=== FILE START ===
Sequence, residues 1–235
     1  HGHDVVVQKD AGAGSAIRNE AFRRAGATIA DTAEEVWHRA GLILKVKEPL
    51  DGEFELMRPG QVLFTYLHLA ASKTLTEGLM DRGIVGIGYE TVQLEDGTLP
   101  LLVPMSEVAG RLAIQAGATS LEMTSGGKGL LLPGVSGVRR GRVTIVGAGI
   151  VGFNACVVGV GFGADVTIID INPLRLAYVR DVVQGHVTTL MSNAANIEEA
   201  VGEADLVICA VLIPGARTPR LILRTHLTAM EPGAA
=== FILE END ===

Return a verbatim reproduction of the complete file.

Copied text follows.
Sequence, residues 1–235
     1  HGHDVVVQKD AGAGSAIRNE AFRRAGATIA DTAEEVWHRA GLILKVKEPL
    51  DGEFELMRPG QVLFTYLHLA ASKTLTEGLM DRGIVGIGYE TVQLEDGTLP
   101  LLVPMSEVAG RLAIQAGATS LEMTSGGKGL LLPGVSGVRR GRVTIVGAGI
   151  VGFNACVVGV GFGADVTIID INPLRLAYVR DVVQGHVTTL MSNAANIEEA
   201  VGEADLVICA VLIPGARTPR LILRTHLTAM EPGAA